The use of competition, and emphasis on innovation and cost caps, is intended to fit as much science into NASA budget projections that, in the best case, will rise only at the rate of inflation for the next decade. The report included a “sand chart” that showed the missions it included could fit within a budget for NASA Earth science flight programs that grows at the rate of inflation through the 2020s.
The decadal survey does include decision rules on what programs to cut should funding fall short of inflationary growth. Those rules call for initially delaying the largest Designated missions, and then delaying the medium-sized Designated missions and reducing the cadence of Explorer missions if additional cuts are needed.
However, Abdalati said that those decision rules would break down if Earth science faces “draconian” budget cuts in the coming years, a level that he didn’t specify. The Trump administration proposed a cut of nearly 10 percent to NASA’s Earth science program for fiscal year 2018, including the termination of several missions and instruments under development. Congress has yet to pass a final 2018 spending bill, with a House version including the Earth science cuts and the Senate version largely restoring them.
“The decision rules are intended to absorb a modest level of reduction,” he said, such as a flat budget or a slight reduction. For bigger cuts, he said NASA should consult with the National Academies’ Committee on Earth Science and Applications from Space. “There does come a point where the whole thing has to be looked at.”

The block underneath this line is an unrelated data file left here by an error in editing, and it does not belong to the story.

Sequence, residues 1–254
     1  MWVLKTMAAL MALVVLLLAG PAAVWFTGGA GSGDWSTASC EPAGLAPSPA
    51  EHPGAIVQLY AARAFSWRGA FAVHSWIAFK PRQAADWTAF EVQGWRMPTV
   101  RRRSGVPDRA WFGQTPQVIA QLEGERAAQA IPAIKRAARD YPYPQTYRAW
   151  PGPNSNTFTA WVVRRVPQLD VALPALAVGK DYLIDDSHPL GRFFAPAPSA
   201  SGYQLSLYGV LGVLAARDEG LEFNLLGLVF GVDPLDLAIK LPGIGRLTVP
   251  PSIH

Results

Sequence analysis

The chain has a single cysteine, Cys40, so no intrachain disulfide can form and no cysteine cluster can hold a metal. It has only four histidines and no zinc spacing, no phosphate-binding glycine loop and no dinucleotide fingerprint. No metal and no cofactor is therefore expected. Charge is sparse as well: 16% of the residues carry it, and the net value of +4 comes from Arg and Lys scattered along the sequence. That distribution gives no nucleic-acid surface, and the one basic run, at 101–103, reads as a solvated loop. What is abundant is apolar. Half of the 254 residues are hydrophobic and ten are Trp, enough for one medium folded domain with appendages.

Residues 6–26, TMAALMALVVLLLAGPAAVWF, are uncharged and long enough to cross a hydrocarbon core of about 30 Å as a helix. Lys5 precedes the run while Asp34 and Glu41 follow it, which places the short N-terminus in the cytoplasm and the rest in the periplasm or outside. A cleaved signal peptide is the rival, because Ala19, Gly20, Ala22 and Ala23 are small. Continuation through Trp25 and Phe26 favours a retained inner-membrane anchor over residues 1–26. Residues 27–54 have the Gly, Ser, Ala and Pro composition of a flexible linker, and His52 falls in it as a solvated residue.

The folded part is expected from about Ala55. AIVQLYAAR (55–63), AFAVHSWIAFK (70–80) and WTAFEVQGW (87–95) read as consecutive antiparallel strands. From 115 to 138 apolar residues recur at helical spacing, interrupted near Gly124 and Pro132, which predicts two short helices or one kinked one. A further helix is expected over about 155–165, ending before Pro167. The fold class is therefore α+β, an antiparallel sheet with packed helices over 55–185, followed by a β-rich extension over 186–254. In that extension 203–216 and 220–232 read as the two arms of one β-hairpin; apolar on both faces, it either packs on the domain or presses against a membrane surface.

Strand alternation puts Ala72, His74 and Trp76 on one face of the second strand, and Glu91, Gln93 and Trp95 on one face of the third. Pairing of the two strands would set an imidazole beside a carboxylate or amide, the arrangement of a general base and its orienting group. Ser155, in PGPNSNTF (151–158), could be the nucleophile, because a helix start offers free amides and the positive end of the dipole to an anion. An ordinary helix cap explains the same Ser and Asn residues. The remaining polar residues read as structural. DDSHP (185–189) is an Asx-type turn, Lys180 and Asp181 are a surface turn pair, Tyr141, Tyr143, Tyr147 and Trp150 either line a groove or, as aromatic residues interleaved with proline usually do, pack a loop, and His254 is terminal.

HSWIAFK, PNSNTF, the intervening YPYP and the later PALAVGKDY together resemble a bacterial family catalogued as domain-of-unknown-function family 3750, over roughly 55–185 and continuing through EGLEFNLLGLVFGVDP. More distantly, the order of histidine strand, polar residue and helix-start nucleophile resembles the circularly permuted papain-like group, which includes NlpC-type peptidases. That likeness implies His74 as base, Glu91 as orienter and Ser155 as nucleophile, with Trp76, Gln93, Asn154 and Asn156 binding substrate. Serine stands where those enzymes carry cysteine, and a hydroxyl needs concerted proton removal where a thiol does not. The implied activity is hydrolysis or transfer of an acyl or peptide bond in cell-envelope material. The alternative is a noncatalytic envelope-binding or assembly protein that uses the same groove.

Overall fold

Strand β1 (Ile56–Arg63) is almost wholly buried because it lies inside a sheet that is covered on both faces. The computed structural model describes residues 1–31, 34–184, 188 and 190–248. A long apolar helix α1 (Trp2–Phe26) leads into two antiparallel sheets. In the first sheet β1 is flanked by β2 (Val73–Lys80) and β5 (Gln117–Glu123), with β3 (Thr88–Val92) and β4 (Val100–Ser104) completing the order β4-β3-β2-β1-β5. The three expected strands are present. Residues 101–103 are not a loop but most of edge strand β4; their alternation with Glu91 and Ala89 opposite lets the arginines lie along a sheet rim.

The report offers flexibility should budgets go up instead. “In particular, if you look at the Earth System Explorer category, there are seven worthy observables and only three opportunities for flight,” Gail said. “More resources would mean that you would have four competitions in the decade instead of three.”
The road ahead
How the report’s recommendations will be implemented in the coming years is not yet clear. The release of the report is likely too late to influence the fiscal year 2019 budget proposal, scheduled for release Feb. 12.
Even before the decadal survey was released, NASA was laying the groundwork for its eventual implementation. Speaking at the Fall Meeting of the American Geophysical Union in December in New Orleans, Michael Freilich, director of NASA’s Earth Science Division, said the delivery of the report would kick off a long “roadmapping” process for turning its recommendations into missions.
That process, he said, will take in inputs from scientists, engineers and the administration “to turn the priorities into actual, executable proto-missions.” That effort, he said will take 12 to 18 months.
There’s no rush because missions in development and operation will consume all of its projected Earth science budget for the next few years. “The budget wedge for new decadal missions doesn’t open up until late 2021 or 2022,” he said.
However NASA implements the decadal survey, it will face the challenge the committee described of obtaining critical Earth science data within constrained budgets. “It’s critical that we understand the behavior of our planet on daily scales and on longer time scales. This is directly tied to our capacity to thrive,” Abdalati said. “The challenge to the community is to find a way to do these things ambitiously, effectively and cost effectively.”